The people at the margins of our church represent the mission field entrusted to us by God. They are the reason your church exists. Your church is the means of grace God uses to reach them. And by the grace of God, most of our churches are imbued with the vision and resources to engage far beyond one mile, but to reach across the community and around the world.

The Call to Action invites us to redirect the flow of energy and resources toward increasing the number of vital congregations that make disciples for Jesus Christ for the transformation of the world. This is not about institutional survival, but about missional renewal. Church leaders are trying to move the focus of a large, complex organization from the center to the margins once again, to draw our attention to the mission field. Local congregations provide the primary arena through which God works to reach those at the margins in the spirit and way of Jesus.

 

What ministries of your congregation reach the people at the margins? What changes of attitude, behavior, and focus cultivate a deeper sense of mission?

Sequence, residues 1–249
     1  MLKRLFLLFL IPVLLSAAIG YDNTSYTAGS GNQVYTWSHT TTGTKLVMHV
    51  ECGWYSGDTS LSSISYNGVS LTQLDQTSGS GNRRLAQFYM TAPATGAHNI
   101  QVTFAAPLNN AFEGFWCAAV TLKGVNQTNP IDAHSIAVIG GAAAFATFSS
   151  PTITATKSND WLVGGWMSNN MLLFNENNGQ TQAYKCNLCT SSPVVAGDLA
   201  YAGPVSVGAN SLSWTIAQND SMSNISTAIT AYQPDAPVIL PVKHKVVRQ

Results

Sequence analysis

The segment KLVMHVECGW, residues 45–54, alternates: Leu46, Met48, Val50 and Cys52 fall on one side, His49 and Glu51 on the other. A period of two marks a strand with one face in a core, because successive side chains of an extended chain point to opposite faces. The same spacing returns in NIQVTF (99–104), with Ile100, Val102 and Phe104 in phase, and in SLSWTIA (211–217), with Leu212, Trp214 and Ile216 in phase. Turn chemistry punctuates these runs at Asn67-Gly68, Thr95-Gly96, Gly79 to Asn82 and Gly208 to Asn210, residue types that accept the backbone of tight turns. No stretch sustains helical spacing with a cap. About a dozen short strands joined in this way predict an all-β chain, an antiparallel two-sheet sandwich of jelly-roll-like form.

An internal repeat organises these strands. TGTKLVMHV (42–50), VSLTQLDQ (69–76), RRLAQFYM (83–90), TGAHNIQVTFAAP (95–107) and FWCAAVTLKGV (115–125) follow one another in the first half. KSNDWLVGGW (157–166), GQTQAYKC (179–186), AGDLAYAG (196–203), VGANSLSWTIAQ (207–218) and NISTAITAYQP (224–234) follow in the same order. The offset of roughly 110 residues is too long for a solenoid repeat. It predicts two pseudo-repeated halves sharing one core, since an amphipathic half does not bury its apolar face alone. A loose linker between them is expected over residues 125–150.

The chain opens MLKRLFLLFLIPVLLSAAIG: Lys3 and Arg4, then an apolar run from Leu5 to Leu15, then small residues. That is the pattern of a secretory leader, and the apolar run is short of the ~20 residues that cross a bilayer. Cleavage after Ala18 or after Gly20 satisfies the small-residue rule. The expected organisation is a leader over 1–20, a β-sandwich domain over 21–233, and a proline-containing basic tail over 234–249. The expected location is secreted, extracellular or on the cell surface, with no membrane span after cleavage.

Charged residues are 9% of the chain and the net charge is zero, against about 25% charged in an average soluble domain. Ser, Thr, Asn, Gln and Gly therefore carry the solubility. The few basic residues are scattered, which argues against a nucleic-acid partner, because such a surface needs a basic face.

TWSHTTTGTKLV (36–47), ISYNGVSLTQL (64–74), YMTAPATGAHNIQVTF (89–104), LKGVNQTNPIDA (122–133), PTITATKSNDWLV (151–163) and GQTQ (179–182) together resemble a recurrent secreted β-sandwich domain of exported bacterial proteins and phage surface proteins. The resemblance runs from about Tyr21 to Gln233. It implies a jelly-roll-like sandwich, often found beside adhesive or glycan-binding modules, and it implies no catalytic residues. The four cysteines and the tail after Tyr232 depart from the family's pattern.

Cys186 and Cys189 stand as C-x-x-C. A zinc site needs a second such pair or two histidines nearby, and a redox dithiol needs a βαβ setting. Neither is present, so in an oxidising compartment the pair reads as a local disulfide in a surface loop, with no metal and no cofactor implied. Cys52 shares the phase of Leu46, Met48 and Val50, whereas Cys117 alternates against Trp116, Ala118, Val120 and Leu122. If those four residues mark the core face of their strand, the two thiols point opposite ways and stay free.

What redirection of conference resources, personnel, and energy might increase the number of congregations that reach out? How does your conference prepare and form people for outward-focused ministry?

To delve deeper, read Luke 15:1-7. What does this passage mean for people at the margins?

Some excellent resources for congregations desiring to become more outward focused: Jesus Insurgency: The Church Revolution from the Edge by Rudy Rasmus and Dottie Escobedo-Frank; Holy Conversations: Strategic Planning as a Spiritual Practice for Congregations by Gil Gendle and Alice Mann, and The Race to Reach Out: Connecting Newcomers to Christ in a New Century by Michael Coyner and Douglas Anderson.